Charlotte Ballet is entering a new era.
After 20 years, Jean-Pierre Bonnefoux has stepped down as Artistic Director, and he did so on a high note: Last season was the company’s most successful yet. While the city broke box office records in an effort to say goodbye to the man who redefined Charlotte dance, the ballet company welcomed a new Artistic Director: Hope Muir, formerly Assistant Artistic Director of Scottish Ballet, is taking the reins, and she’s got quite the season in store for us.
New to Charlotte but hardly new to ballet, Muir has worked in both classical and contemporary dance for 27 years throughout Europe, Canada, and the United States. Her uniquely diverse career has seen her create and perform roles for some of the world’s most prolific choreographers, including Christopher Bruce CBE, Twyla Tharp, Jiri Kylian, William Forsythe, George Balanchine, Paul Taylor, Merce Cunningham, Robert Cohan, Javier De Frutos, and Mats Ek. She’s also, of course, familiar with and respectful of the growth brought to Charlotte’s ballet in recent years.
“Jean-Pierre Bonnefoux and Patricia McBride have built a family of artists, produced exciting and varied work, and grown a loyal audience,” she says of her predecessors. “I relish the opportunity to build on the company’s tradition of excellence and lead it forward for the next generation.”
For her inaugural season as artistic director, Muir has drawn on her wide international dance experience to curate a range of choreographic voices that reflect her passion for both the existing masters and mentoring of new talent. The 2017/2018 season includes the introduction of seven new choreographers to Charlotte Ballet’s repertoire, five world premieres, and two American premieres.
This year’s Fall Works, in particular, looks to be a more than palatable introduction to Muir and her plans for the future of the ballet. The season kicks off with “an introduction to a new voice” in Johan Inger’s Walking Mad, a contemporary work that Muir calls “a stylistic game changer.” This performance will be followed up by George Balanchine’s Apollo, staged by none other than legendary Balanchine dancer and Kennedy Center Honoree Patricia McBride.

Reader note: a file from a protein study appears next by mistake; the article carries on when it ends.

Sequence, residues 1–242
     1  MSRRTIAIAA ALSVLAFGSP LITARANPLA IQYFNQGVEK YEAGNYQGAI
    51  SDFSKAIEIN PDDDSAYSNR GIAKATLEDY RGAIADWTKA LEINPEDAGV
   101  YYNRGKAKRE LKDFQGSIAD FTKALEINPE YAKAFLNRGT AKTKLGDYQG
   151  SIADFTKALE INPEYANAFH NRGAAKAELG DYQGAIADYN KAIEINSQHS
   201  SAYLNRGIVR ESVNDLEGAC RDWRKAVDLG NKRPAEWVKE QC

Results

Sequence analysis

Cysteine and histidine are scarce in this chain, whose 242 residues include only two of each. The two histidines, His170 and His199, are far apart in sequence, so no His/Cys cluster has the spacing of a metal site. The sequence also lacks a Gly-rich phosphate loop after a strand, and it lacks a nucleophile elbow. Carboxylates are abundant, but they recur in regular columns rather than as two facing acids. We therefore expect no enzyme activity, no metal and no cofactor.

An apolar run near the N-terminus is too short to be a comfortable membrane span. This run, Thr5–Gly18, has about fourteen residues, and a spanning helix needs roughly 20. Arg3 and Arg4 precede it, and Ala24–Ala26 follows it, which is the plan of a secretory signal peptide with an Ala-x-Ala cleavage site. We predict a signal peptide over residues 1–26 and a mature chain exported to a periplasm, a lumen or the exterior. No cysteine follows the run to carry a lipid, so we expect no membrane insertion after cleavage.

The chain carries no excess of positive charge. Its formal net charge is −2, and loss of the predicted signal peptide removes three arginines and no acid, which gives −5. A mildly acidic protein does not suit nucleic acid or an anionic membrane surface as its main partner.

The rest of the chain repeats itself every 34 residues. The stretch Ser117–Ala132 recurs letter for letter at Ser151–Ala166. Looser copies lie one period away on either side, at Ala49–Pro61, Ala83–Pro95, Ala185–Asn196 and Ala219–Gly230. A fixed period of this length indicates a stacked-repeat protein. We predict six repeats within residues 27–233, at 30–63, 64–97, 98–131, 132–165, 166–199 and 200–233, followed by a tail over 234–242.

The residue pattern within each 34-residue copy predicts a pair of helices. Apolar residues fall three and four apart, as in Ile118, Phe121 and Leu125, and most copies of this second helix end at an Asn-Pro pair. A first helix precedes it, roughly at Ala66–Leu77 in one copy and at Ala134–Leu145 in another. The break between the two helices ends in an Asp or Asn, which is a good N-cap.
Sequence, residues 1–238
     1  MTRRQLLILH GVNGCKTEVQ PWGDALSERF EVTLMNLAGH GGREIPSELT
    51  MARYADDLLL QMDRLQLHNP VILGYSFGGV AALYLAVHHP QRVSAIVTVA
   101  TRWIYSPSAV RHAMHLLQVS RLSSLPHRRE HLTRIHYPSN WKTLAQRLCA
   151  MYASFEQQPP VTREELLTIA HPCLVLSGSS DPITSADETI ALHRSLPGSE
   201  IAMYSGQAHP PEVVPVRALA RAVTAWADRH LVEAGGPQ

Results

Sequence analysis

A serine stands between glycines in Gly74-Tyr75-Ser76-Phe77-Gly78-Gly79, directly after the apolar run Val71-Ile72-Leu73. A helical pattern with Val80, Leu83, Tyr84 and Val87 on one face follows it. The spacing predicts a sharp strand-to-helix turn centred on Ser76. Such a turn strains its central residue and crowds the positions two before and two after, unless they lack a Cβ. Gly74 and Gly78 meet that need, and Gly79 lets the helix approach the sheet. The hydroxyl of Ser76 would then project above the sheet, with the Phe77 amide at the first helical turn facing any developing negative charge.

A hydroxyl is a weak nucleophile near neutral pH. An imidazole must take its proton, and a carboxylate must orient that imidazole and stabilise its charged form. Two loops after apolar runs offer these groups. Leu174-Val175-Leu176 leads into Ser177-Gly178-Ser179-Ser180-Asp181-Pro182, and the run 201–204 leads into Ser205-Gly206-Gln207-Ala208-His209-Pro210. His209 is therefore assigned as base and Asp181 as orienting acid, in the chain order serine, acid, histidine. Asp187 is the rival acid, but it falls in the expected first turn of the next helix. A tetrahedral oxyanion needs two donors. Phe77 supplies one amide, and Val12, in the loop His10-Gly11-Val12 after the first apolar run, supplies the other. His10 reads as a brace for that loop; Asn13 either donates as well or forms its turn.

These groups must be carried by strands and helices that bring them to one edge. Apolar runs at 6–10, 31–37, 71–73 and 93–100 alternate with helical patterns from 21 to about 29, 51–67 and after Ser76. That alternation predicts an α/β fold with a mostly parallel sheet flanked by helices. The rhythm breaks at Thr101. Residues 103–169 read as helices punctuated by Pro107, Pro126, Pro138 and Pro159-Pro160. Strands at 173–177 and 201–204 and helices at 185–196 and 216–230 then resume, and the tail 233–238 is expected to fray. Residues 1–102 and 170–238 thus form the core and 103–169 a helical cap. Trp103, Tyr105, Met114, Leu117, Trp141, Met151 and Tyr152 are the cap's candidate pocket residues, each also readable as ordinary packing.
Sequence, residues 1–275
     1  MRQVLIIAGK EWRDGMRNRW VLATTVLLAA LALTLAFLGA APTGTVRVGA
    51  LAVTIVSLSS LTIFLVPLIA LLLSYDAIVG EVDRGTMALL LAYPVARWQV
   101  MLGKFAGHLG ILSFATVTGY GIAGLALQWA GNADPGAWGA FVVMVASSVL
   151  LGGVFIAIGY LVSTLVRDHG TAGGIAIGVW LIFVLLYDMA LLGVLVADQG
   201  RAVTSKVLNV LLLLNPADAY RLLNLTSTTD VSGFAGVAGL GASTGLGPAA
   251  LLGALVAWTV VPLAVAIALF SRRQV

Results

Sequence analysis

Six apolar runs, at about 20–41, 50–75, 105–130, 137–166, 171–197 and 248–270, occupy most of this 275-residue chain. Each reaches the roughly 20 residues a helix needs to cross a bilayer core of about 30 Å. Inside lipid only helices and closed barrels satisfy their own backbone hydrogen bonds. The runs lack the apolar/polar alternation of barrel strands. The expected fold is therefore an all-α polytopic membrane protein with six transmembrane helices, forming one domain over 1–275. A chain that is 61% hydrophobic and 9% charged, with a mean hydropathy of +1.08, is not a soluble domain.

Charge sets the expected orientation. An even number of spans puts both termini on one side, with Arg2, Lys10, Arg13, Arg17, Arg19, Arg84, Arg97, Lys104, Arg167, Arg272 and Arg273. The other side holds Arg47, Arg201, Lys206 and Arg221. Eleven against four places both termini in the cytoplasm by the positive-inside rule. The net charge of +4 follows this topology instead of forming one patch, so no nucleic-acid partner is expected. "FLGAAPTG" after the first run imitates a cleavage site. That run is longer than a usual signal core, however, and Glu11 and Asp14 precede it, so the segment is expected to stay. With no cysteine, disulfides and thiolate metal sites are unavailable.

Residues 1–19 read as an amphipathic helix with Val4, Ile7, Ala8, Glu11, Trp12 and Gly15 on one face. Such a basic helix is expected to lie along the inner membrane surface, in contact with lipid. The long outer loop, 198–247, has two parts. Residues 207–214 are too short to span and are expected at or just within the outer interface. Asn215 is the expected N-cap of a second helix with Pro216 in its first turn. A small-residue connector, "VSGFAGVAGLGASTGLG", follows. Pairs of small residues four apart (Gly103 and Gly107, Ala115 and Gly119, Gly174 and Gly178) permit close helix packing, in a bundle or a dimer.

“I’ve included Apollo as an acknowledgement of the amazing legacy Patty and Jean-Pierre have built here,” Muir says. “I didn’t want to come in and ignore everything that’s come before. I have a great respect for the company.”
The final ballet being performed, on the other hand, is a personal venture for the new Artistic Director. Choreographed by Javier de Frutos, Elsa Canasta was originally created with Muir in the starring role. A dark, funny, sexy evocation of the world of Cole Porter, the ballet will feature a collaboration with Charlotte’s Jazz Arts Initiative and live music by Tony-award winning singer and songwriter Levi Kreisr. This performance marks the first time Elsa Canasta has been performed in the United States.
It concludes a fall schedule that, Muir insists, should serve as an ideal introduction to the kinds of contemporary work she’ll be implementing in the company’s repertoire.
“I have to bring in new work at the right time, not only for the audiences, but also for the dancers,” Muir says. “They have to have been exposed to it for some time so that they can respond to the work in the most thoughtful and informed way. That improves everyone’s experience of the work. I’m not out to shock. Also, the program has to be balanced. The beginning of this season is basically an introduction to me and where we’re going while also being respectful of the past.”
The new Artistic Director has plenty of new directives in mind for Charlotte Ballet, including a renewed focus on touring and an initiative for grooming new choreographic talent. The company is naturally destined to keep evolving as the city and its arts do so, and Hope Muir feels she has stepped in at an opportune moment.
“I am thrilled and honored to have been invited to be the new Artistic Director of Charlotte Ballet at such an exciting time in the company’s development,” Muir says. “I envision a pioneering and innovative future for Charlotte Ballet in the US and abroad.”